The professor is nice and he goes through the material thoroughly during class time. That being said, it can be difficult to pay attention because he will go over the same slides repeatedly- which is great if you can stay awake! This class was supposed to be a walk in the park, but unfortunately I had an awful TA and it ruined my experience. If Duncan Clark is TA'ing, DO NOT take section with him. He is awful and gives out labs that are significantly harder than the other TAs. He gave his sections 8 labs, versus the other TA who only gave 3 labs during the quarter that were much easier. Both midterm and final are open book and multiple choice, so as long as you pay attention and have a good TA you should be set. I just want to caution that the midterm was only 16 questions, so make sure you have everything you need going into the exam. I made the mistake of not printing all the slides with notes, so I missed more questions than I should have. Lastly, Schoenberg does award improvement from midterm to final. He doesn't have an exact metric for it but if you show up for class and your score goes up, he will bump you up a bit. Overall, this class really wasn't my jam but Schoenberg was very fair and made it a tolerable experience.
Also, make sure you compare your midterm with other students as soon as you get it back for grading errors. He didn't post an answer key.
HW (10%) -> 4 in total, turn in at beginning of class to get full points possible
Labs (10%) -> optional attendance
Midterm (30%) -> 16 MC questions
Final (50%) -> 40 MC questions
The review below me hit most of the points. Stats 13 with Schoenberg is mediocre. The professor is boring and dry, making it difficult to listen to him in class. The TA's are all too smart and can't relay the information in a way for the students to understand well. However, there is a way to get an A in this class.
First off, the lab homework (10%) are all related to R-code. The labs are a pain and way beyond the scope of the course. But the good thing is that there is nothing related to R code on the tests. To be honest, find yourself a person who knows R-code and ask them to help you out.
The homework isn't that bad. there was only 4 homework assignments for the whole quarter and I'm pretty sure the homework between all stats 13 classes are similar. The best way to study for the tests is to print out all the slides, go over them on your own time by writing down the problems and concepts. Schoenberg gives you a list with all the concepts that will be covered on the exam, make sure you have an example that illustrates that concept if you make a study guide (along with what the concept is).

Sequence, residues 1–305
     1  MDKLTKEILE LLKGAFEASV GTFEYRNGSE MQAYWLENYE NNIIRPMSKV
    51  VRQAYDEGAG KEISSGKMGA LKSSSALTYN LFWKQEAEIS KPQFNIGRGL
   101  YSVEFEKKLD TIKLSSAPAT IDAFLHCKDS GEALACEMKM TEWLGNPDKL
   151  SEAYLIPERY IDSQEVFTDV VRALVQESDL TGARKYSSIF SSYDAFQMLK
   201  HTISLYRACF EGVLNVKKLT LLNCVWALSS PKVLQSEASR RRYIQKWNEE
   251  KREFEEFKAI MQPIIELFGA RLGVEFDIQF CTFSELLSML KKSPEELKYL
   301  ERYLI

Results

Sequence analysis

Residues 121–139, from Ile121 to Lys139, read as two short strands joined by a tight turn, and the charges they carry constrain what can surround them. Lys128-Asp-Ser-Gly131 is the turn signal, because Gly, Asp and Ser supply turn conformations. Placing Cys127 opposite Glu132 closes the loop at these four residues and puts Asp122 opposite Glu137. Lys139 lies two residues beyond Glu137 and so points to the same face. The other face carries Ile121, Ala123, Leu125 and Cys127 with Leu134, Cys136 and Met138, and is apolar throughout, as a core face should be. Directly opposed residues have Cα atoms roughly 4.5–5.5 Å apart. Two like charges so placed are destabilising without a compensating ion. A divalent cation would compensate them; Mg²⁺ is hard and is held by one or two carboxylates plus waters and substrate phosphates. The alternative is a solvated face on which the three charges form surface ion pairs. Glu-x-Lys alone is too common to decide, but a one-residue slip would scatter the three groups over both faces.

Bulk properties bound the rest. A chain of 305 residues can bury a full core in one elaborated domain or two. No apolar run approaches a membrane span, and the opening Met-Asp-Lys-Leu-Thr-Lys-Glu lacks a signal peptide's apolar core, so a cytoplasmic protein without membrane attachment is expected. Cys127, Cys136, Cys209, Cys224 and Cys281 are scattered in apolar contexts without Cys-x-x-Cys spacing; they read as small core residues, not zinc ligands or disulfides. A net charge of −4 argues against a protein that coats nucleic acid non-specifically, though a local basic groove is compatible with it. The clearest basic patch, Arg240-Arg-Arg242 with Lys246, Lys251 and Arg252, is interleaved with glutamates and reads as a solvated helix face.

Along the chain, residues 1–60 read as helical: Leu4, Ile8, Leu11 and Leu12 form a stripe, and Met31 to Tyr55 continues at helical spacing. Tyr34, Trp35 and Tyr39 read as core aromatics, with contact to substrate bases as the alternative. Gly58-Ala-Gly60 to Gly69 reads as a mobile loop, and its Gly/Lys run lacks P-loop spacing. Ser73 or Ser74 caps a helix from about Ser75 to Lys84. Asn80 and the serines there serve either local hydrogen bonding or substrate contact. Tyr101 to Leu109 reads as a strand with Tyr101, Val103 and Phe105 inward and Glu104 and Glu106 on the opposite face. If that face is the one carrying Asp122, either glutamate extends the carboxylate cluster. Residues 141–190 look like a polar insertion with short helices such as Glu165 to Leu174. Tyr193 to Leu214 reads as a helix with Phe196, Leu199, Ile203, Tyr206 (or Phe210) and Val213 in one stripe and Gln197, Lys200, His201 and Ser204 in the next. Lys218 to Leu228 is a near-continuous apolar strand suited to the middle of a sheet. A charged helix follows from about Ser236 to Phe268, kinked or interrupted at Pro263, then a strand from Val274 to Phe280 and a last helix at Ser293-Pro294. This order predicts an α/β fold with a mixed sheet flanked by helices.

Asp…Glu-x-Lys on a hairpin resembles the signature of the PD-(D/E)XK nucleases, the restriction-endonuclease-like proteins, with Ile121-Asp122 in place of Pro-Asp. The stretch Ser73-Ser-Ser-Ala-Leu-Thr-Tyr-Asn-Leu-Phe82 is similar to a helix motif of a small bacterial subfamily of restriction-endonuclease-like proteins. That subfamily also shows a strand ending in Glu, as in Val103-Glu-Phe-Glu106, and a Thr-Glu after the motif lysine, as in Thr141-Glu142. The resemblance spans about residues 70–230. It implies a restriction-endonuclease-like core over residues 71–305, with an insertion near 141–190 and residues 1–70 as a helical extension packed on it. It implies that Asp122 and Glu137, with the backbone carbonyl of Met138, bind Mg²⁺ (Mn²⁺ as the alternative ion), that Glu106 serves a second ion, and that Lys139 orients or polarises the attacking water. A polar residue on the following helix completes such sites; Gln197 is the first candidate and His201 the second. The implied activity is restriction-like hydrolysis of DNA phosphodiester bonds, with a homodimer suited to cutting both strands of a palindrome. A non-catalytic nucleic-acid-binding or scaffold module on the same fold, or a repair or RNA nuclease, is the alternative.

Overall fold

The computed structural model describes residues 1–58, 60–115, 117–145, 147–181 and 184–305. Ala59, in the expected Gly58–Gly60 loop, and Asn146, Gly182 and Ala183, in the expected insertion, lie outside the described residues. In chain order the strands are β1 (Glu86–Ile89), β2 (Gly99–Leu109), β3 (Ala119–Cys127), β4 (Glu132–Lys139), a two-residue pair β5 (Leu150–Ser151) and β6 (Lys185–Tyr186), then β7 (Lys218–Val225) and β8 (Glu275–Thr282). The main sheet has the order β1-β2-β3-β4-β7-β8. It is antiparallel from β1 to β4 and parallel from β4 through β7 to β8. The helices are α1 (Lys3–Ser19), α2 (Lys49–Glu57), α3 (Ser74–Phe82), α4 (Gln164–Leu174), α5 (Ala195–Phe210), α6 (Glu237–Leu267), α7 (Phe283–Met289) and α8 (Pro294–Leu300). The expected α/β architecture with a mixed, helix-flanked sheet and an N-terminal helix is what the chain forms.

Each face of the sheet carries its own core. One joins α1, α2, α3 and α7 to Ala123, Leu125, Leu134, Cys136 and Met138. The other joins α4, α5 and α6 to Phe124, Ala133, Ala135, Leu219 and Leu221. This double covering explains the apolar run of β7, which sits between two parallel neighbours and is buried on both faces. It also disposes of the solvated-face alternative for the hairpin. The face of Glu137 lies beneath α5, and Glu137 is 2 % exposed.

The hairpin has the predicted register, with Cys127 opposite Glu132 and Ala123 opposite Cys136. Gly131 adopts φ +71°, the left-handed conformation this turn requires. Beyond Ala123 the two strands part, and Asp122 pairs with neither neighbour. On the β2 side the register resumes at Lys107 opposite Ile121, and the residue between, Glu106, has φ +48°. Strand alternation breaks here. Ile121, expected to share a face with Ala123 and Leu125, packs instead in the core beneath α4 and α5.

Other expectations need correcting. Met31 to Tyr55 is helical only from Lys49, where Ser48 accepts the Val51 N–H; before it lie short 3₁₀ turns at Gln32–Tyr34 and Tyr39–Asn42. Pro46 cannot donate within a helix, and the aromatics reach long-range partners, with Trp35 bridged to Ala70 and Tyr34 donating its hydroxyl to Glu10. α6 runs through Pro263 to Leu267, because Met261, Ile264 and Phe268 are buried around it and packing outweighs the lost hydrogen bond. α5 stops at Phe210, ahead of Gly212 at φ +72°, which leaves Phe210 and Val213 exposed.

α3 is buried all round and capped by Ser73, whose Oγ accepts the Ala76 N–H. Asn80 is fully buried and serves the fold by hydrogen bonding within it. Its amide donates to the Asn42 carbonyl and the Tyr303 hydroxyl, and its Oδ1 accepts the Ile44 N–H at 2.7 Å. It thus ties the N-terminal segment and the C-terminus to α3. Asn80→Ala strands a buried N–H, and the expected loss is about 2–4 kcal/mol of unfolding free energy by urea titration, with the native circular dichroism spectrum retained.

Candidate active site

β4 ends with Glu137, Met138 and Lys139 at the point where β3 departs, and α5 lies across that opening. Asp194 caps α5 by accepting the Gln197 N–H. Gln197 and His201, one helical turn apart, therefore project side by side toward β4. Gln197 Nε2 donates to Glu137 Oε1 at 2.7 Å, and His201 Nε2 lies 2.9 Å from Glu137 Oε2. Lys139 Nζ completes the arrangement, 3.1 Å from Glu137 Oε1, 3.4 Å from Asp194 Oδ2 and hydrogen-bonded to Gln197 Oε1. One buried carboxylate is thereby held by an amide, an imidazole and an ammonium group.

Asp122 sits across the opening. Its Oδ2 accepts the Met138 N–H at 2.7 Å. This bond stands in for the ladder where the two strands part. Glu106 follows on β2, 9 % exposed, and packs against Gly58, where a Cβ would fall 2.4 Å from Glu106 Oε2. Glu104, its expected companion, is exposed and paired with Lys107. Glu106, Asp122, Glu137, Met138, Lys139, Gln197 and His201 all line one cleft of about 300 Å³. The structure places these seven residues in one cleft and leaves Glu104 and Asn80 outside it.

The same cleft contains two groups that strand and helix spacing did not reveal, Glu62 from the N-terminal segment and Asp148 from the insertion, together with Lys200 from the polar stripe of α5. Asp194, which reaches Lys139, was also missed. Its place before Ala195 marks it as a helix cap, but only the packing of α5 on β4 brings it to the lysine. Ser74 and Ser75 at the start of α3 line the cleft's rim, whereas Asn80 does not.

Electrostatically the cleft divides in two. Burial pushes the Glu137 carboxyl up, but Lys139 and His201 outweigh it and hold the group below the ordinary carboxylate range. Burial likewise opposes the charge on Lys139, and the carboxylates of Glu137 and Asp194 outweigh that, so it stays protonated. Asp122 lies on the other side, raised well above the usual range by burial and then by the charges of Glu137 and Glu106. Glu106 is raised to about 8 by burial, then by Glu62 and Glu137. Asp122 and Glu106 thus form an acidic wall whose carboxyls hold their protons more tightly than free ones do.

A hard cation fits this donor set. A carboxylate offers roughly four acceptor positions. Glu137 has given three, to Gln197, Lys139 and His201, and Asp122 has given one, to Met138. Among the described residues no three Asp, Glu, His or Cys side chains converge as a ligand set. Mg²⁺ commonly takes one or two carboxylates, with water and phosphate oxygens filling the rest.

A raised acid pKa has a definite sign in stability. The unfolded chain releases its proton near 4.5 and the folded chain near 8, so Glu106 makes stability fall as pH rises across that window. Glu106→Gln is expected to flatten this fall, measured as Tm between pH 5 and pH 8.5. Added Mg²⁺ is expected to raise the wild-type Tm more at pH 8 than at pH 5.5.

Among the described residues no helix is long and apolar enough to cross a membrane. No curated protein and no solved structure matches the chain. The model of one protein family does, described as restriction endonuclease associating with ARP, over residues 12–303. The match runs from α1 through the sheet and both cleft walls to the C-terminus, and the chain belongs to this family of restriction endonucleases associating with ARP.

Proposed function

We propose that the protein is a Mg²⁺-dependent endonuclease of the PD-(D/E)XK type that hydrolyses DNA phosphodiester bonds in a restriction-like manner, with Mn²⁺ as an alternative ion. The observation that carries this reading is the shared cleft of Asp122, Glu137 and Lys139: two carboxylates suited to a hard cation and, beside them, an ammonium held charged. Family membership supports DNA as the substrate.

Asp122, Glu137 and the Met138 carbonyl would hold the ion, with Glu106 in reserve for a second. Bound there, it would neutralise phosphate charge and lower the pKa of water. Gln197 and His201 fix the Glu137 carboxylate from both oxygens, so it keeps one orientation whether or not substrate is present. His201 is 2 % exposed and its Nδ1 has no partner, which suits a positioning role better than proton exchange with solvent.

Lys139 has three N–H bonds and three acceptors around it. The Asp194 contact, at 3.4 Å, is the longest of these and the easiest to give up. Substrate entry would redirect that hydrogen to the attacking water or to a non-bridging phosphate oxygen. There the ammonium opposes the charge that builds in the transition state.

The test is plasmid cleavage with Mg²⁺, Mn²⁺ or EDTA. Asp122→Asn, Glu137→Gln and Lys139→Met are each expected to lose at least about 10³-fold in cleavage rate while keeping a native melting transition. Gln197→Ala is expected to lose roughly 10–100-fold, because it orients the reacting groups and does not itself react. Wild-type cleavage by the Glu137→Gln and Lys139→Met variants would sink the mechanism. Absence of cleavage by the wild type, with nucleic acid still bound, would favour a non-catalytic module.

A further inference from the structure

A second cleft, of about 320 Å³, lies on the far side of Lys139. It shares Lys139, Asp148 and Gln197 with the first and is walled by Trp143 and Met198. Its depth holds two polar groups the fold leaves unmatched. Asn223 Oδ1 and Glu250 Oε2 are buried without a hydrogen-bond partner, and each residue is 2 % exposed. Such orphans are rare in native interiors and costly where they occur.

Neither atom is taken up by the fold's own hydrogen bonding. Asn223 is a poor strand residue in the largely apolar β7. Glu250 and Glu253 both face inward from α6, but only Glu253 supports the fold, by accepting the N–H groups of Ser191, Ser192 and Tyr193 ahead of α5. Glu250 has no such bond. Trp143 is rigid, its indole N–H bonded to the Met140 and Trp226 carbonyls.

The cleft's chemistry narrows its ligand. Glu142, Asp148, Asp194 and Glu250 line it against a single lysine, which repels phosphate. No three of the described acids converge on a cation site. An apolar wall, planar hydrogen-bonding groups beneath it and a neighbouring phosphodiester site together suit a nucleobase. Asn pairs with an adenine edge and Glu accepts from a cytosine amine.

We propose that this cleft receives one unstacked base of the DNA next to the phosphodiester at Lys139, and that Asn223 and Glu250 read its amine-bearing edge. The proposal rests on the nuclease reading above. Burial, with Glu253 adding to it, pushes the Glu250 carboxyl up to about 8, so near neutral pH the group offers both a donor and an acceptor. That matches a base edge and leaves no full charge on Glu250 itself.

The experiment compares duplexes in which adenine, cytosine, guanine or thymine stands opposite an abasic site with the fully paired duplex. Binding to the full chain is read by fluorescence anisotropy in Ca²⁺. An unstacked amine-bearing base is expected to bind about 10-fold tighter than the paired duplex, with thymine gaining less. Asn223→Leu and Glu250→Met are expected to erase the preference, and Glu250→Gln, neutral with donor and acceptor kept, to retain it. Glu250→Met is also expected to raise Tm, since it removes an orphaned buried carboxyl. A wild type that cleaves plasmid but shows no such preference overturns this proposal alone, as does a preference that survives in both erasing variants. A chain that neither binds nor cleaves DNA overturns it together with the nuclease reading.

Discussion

Do all this, and you are pretty much guaranteed an A. It's definitely a self-study class, but very manageable compared to all other self-study classes. Besides the R-code, nothing is that bad. I would go as so far to say this is one of the easier lower-divs out there for life science.
Selling the following: Midterm, R-code for the labs (TA: Duncan), In-Class slides, textbook, Study guide (includes concepts + example problems for every concept) and Homework problems.
To be fair, professor Schoenberg isn't the most responsible professor, as he rarely replies to your emails and had no office hour during the summer session. But I would definitely take his class again because his lectures are quite engaging, and from the lectures alone, you can actually learn a lot. As a bonus, his lecture slides are well organized and easy to read. He paces himself quite well and stresses on key informations that are crucial to the course and tests. His tests (in summer session) consist of 13 or 14 multiple choices that are often based on the sample questions he gives out in the lecture slides, so if you pay attention to the slides and actually review the questions you'd be set.
That's why I disagree with other comments calling him a lousy teacher. IMO, he's trying his best keeping the lecture content fun by introducing poker-playing techniques. He is a decent lecturer and if you are willing to work for it, you will enjoy the class. And DON'T blame poker for your grades. I don't know poker beforehand, and I am not a try-hard. It's just you didn't work for this class.
Overall, Schoenberg's class was a really easy introduction to probability. He does a pretty good job of going over the concepts in class, and while all the examples are from poker, it isn't too hard to pick up the basic rules (speaking as someone who had zero knowledge about even basic card game rules). The workload is pretty light, with only three homework assignments (that each only had 3-4 questions). The tests are pretty painless too, as they are multiple choice/open book and notes. Some questions are a little tricky, causing me and many others to miss a few of them. However, he does reward improvement, so even if you bomb the two midterms but do well on the final, he will give you a much higher grade than what the raw score might suggest.
The actual content of this class wasn't difficult, but the way Schoenberg structured class made it really difficult to do well. Homework was 10% of your grade, labs were another 10%, and the rest of your grade was 35% the midterm and 45% the final. While this sounds manageable, the midterm was 16 multiple choice questions and you had 50 minutes to take it. The final was 18 multiple choice questions and you also had only 50 minutes to take it, which leaves a very small margin of error to get a good score on either exam. The questions could be very wordy and I felt really rushed during both exams. He also didn't give us any practice exams and the exam questions weren't very similar to homework or any examples we did in class, with the exception of a few. If you're going to take Stats 13, do not take it with Schoenberg if you want an A.